WASHINGTON — The U.S. Air Force recently ordered another six A-29 Super Tucanos for the Afghan Air Force, a positive sign for future sales as U.S. and Middle Eastern air forces note an increased interest in low-cost light attack planes.

The latest order, announced by U.S. prime contractor Sierra Nevada Corporation and manufacturer Embraer on Oct. 25, brings up the number of A-29 aircraft ordered by the U.S. Air Force on behalf of foreign nations to 32 planes. SNC has delivered 20 aircraft to Afghanistan and two of six to Lebanon through the U.S. program.

According to an Air Force spokesman, the $174.5 million contract provides for six additional aircraft as well as for long-lead parts, maintenance spares and transportation to training locations.

Over the past year, the A-29 has established a small but comfortable foothold in the Middle East with signs that its footprint could expand in the coming years. The aircraft has been operational in Afghanistan since early 2016.

During a recent experiment at Holloman Air Force Base, New Mexico, the U.S. Air Force operated the A-29 ahead of a probable combat demonstration in the region for next year. The United Arab Emirates, which has a stated requirement for light attack aircraft, sent military officials to Holloman for the event.

“I think the market is very robust and continuing to expand,” said Taco Gilbert, senior vice president for SNC’s intelligence, surveillance and reconnaissance business. However when asked what countries seemed most promising for sales, he demurred.

“I can’t tell you all of the people that we’re talking to right now, but I can tell you that there is a lot of interest in the aircraft,” he said.

Like most other major aerospace companies, SNC and Embraer will be at the Dubai Airshow hoping to stoke interest from new customers. Although the A-29 itself will not be featured at the show, some of its competitors —including the Air Tractor AT-802U and IOMAX Archangel — will be on static display.

While Middle Eastern nations have historically invested in relatively high-end fighter capabilities, Gilbert said, nations dealing with counterinsurgency organizations can actually benefit by operating a cheaper, slower platform like the A-29 that allows pilots to fly low and slow over targets.

“Nations that have been flying high performance aircraft for a long time are learning — unfortunately sometimes the hard way, by getting frustrated — that these high-performance aircraft are not the best asset for all missions,” Gilbert said.

“In a permissive or semipermissive environment, they are not the best asset. Not only are they too expensive, but the capabilities that make them so effective in a high-end war actually are detrimental in a counterinsurgency operation,” he said. “They move too fast to pick out targets. The visibility is too poor. They’re too expensive to operate, they’re more limited in the airfields from which they can operate. So people are learning that a turboprop aircraft like the A-29 — and particularly the A-29 — is ideally suited. So we’re seeing more and more interest across the Middle East and quite frankly across the globe.”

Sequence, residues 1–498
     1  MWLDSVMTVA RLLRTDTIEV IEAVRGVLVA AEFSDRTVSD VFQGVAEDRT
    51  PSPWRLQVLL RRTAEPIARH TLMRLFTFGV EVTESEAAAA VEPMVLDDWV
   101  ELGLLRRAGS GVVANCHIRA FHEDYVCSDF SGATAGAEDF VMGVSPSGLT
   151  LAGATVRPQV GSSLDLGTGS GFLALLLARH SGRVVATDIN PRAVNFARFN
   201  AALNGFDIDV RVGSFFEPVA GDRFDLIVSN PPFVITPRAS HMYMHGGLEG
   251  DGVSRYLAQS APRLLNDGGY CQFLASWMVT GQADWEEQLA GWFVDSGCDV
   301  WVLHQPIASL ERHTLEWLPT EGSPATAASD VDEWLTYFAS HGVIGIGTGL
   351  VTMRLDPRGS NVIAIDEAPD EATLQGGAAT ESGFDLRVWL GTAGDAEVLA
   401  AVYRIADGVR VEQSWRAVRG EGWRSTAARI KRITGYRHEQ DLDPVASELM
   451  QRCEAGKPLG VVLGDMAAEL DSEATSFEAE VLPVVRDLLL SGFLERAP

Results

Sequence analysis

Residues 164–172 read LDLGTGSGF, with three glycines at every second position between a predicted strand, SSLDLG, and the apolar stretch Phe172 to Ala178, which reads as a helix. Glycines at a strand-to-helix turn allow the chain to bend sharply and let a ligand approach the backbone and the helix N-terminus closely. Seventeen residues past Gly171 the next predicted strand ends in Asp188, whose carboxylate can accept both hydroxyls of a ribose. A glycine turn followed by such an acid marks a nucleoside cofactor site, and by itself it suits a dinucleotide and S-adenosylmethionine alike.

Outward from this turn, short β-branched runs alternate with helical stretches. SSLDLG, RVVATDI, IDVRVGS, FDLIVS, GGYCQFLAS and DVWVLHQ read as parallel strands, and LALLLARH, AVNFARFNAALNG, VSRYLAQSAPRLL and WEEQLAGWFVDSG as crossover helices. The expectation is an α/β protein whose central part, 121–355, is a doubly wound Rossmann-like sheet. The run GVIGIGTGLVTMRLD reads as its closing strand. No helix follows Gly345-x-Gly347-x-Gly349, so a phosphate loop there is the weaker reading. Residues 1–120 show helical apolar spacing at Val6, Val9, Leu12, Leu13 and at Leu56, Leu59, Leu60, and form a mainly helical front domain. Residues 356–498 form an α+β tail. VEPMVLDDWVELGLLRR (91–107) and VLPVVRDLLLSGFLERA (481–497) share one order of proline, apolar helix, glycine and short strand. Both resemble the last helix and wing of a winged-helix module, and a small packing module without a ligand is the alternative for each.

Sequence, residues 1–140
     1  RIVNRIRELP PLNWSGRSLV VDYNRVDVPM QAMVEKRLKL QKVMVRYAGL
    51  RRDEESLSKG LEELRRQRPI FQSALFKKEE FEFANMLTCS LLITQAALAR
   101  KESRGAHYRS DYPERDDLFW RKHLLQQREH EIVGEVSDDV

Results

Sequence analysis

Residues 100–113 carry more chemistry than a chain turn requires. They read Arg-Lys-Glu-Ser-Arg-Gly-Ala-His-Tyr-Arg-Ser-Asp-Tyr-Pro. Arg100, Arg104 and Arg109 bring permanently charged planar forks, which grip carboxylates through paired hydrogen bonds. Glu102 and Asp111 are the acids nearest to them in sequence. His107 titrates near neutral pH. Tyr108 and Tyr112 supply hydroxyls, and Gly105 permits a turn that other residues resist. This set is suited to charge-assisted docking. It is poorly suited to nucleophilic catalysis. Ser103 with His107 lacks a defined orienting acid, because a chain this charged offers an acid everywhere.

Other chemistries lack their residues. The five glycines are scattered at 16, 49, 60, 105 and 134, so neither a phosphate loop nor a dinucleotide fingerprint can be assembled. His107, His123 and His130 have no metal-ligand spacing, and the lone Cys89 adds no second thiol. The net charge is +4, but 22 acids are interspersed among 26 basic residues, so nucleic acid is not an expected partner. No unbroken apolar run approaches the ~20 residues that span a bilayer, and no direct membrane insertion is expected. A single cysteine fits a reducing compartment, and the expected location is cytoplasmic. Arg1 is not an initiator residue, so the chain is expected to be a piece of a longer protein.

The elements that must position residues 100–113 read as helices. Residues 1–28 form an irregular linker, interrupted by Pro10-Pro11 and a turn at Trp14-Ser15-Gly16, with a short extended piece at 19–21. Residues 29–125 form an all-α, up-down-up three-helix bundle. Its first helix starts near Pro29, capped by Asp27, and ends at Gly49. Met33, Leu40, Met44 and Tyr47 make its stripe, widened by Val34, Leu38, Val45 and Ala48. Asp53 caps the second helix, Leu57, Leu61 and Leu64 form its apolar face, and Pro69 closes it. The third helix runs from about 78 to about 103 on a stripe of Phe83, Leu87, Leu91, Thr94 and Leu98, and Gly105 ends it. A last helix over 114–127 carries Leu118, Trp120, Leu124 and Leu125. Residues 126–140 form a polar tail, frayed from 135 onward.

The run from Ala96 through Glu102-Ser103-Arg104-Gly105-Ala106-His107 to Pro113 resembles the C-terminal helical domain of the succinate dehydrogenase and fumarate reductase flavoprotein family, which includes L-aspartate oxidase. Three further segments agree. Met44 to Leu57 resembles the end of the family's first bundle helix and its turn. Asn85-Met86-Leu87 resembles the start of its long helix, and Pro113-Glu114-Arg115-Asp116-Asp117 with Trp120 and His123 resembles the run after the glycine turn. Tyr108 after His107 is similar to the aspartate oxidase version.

The A-29 has flown more than 320,000 flight hours and 40,000 combat hours, and can be modified to carry more than 150 configurations of electro-optical/infrared equipment, laser designators, and communications gear. Operating costs amount to about $1,000 per flight hour compared to upward of $20,000 for a fighter jet, he said.

Production of the latest six aircraft for the Afghan Air Force is set to start immediately in Jacksonville, Florida, SNC and Embraer stated in a joint news release.

The new A-29 order for Afghanistan comes on the heels of an August approval by the U.S. to sell 12 A-29s to Nigeria as part of a $593 million Foreign Military Sales package. Gilbert said the U.S. government is working on its letter of offer and acceptance that will solidify final terms of a deal between it and Nigeria.

In early October, Embraer announced a deal for six Super Tucanos, which will be produced in Brazil for an undisclosed customer.

The U.S. Air Force is also considering buying several hundred light attack aircraft that would enable cheaper operations in the Middle East and help create new pilots. The service has not yet decided whether to move forward with a combat demonstration in the region, but officials had said the A-29 and Textron’s AT-6 Wolverine would likely be the aircraft chosen to participate.

“The Air Force has been in constant communication, but I don’t think they really know what’s going to happen yet,” Gilbert said. “They communicated a desire to go forward, but I know they — just like everyone else in the government — are somewhat limited by finances. So, they’re trying to come up with the funding or a means to secure the funding from Congress.”

Valerie Insinna is Defense News' air warfare reporter. She previously worked the Navy/congressional beats for Defense Daily, which followed almost three years as a staff writer for National Defense Magazine. Prior to that, she worked as an editorial assistant for the Tokyo Shimbun’s Washington bureau.

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